The RAMAYANA has been, is and will ever be, the living legacy of India because it unfolds the story of RAMA and SEETA who are purer than purity itself and whose scrupulous adherence to the majesty of the moral law, dharma, is an abiding example to be emulated by all who have higher aspirations. Rama has been venerated by millions, for thousands of years, age after age, as the highest of the high, the Ideal Man –Maryada Purushottama, the effulgent embodiment of dharma. And of Seeta, the paragon of virtue, grace, purity and beauty, Swami Vivekananda says, "You may exhaust the literature of the world that is past and I may assure you that you will have to exhaust the literature of the world of the future, before finding another Seeta. Seeta is unique; that character was depicted once and for all. There may have been several Ramas perhaps, but never more than one Seeta. Mark my words. Seeta has go.ne into the very vitals of our race."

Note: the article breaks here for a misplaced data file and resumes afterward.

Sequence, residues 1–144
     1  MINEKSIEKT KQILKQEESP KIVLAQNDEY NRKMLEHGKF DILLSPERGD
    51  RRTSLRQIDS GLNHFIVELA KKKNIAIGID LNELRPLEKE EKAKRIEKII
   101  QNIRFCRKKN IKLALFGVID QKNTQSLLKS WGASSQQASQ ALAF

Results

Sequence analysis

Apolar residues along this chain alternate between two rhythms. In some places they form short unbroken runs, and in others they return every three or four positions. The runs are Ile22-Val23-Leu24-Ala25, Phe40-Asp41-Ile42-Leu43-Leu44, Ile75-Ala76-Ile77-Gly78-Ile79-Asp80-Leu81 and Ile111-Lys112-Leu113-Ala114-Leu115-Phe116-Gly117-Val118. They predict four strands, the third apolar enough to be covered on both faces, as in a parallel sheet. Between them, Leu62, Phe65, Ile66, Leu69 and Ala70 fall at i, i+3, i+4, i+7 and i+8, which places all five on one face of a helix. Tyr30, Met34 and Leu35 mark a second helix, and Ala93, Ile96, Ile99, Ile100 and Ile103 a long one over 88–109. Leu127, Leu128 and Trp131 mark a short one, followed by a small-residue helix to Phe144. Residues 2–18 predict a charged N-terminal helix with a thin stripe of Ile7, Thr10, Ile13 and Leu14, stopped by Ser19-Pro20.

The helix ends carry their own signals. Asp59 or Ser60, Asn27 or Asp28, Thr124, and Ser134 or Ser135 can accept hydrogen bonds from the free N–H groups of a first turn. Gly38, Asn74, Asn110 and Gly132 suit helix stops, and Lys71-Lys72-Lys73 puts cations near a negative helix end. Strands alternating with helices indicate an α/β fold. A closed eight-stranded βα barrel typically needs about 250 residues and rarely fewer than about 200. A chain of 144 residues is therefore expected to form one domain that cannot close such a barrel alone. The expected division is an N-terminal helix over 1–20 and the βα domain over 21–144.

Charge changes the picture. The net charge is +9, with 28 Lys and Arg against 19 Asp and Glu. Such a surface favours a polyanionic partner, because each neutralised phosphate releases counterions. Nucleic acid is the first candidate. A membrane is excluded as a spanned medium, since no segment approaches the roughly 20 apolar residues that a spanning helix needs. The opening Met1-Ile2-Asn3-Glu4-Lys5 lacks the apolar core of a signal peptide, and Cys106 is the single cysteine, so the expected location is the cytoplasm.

Adikavya Valmeeki RAMAYANA is the first ever kavya in Sanskrit literature. Inspired
by Valmeeki's adikavya, poet-saints from all over India have authored different
versions of the epic in their respective tongues. We have Assamese, Bengali, Gujarati,
Hindi, Kannada, Kashmiri, Manipuri, Malayalam, Odissi, Punjabi, Tamil, Telugu, and
Sanskrit versions, too, to name a few (see page 753). All of these are more than mere
translations. The mystic revolutionary and patriot, Shri V V S Aiyar, a contemporary
of Mahayogi Sri Aurobindo, makes the following incisive observations in his
Introduction to, the Bhavan's Book University series title, Kamba RAMAYANA - A
Studu": "Indian poets even of the second rank have with unerring good sense
abstained from translating the Sanskrit classics, but instead have re-written them in